Monday, October 8, 2012

The Gospel's Triple Conjunction


"Abram believed the LORD and He credited it to him as righteousness."  Genesis 15:6

One of the greatest comforts I experience as a Christian is the unity of the Holy Scriptures.  The Bible, despite it's having 40 or so authors, being written over multiple centuries, penned in different languages, still reflects a unified thought.  It presents a holy God, dealing with sinful man graciously, and ensuring a route to salvation by grace through faith.  In both Old and New Testaments man's right-standing with God depends on God's mercy and not man's efforts.

Genesis 15 lays down the principle of faith and the priority of a divine promise.  When the Creator speaks, His creatures ought to believe.  Try to understand Abraham and you will probably come the same conclusion as me: I've never been called to believe something more unbelievable in my own life.  And yet, it's not the actual promise that holds weight.  It's the One Who makes the promise- He is the one who matters.  Whether God promised children to a barren couple or a child to perfectly healthy parents, what makes the saying trustworthy is the trustworthiness of the speaker.  Yes, we ought to believe God.

In John 6:28-29, we find the following exchange,

Then they asked Him, "What must we do to do the works God requires?"  Jesus answered, "The work of God is this: to believe in the one He has sent."

It's simply amazing.  One would imagine that God's major issue with His people was their lack of obedience. Either they did what He commanded them not to do, or they failed to do what He commanded of them.  For sure, God is always displeased with disobedience.  Looking at the question and answer, however, we find that man's emphasis is not shared by God, Who has always maintained that His people's problem has been faith.  Ultimately, disobedience is rooted in unbelief.

Notice how the question reveals the principle concern of man: "what shall we do..."  The pride of fallen humanity is to do enough to earn one's keep.  Sin-craving, self-serving man says, "If it is to be, it is up to me".  But notice that Jesus' answer begins with the Prime Mover: "the work of God".  What is required for man to be acceptable to his Maker?  God must work on him.  How is the man to believe in God?  That is God's work, not the work of the believer.  The religions of men begin with men, but relationship with God begins with God.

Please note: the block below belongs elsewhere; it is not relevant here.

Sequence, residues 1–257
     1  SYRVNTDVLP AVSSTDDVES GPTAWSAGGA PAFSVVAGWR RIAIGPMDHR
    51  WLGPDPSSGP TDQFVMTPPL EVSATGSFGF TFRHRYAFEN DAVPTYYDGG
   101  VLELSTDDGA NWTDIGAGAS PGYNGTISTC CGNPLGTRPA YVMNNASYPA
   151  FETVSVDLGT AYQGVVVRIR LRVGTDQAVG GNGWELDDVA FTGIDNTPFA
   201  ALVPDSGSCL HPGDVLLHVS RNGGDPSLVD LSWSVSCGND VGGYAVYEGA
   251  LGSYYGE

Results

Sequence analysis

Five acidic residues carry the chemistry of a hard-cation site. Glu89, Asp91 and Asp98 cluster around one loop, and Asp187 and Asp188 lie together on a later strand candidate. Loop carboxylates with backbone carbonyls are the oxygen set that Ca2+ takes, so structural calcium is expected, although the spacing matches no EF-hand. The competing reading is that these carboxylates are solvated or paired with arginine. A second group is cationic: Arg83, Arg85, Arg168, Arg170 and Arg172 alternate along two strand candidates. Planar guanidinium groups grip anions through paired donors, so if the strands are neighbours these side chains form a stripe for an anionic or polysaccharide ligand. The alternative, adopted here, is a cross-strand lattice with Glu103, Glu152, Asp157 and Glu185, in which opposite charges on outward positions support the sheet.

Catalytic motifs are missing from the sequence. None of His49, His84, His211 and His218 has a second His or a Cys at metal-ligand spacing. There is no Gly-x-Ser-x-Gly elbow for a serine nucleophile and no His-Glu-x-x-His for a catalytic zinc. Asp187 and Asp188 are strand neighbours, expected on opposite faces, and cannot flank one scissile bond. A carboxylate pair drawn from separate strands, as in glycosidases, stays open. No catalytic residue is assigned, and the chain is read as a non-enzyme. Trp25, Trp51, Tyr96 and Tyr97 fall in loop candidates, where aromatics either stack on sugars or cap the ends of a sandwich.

Finally, let's consider a few verses from Romans 4.

"Now, when a man works, his wages are not credited to him as a gift, but as an obligation.  However, to the man who does not work but trusts God who justifies the wicked, his faith is credited as righteousness."
-Romans 4:4-5

Here is the crux of the matter: God, by definition and due to His holiness, cannot be a debtor to sinful man.  When men desire to do enough to be seen as worthy in God's sight, they have an aim that they would never overtly admit to: they want square and even dealings with the Immortal, Invisible, Only Wise God whereby they look Him eye-to-eye and demand rewards as a worker on payday.  While that is blasphemous and impossible, it is amazing how God's glorious grace is able to penetrate sinful hearts and cause the seed of faith to grow and bear fruits of righteousness.

Moses is the one through whom God gave us the law.  Jesus is the Son of God and the chief dispenser of God's grace through the cross and resurrection.  Paul is among the chief interpreters/expounders of Jesus' teaching.  The Bible accurately maintains their witness as a spectacular, brilliant, obvious testimony of the gospel-- a triple conjunction if you will-- that God justifies sinners by grace alone, through faith alone, in Christ alone, according to the scriptures alone, to the glory of God-- alone!

2 comments:

  1. I absolutely love this! Thank you for posting.

    ReplyDelete